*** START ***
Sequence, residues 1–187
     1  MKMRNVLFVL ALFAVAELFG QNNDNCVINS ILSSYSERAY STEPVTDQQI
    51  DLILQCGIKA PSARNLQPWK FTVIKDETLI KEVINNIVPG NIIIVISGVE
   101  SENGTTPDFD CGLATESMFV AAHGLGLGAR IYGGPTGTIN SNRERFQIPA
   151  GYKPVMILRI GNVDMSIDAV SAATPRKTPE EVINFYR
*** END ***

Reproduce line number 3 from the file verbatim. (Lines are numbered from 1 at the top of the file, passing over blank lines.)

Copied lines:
    51  DLILQCGIKA PSARNLQPWK FTVIKDETLI KEVINNIVPG NIIIVISGVE